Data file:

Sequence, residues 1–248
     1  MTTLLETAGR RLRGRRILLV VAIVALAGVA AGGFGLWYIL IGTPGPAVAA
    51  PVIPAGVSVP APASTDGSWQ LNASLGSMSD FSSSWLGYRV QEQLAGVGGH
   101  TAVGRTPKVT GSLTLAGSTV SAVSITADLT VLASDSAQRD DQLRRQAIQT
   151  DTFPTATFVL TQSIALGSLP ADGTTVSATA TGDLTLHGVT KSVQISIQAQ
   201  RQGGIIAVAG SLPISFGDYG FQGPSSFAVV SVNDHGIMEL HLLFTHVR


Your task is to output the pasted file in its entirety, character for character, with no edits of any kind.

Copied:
Sequence, residues 1–248
     1  MTTLLETAGR RLRGRRILLV VAIVALAGVA AGGFGLWYIL IGTPGPAVAA
    51  PVIPAGVSVP APASTDGSWQ LNASLGSMSD FSSSWLGYRV QEQLAGVGGH
   101  TAVGRTPKVT GSLTLAGSTV SAVSITADLT VLASDSAQRD DQLRRQAIQT
   151  DTFPTATFVL TQSIALGSLP ADGTTVSATA TGDLTLHGVT KSVQISIQAQ
   201  RQGGIIAVAG SLPISFGDYG FQGPSSFAVV SVNDHGIMEL HLLFTHVR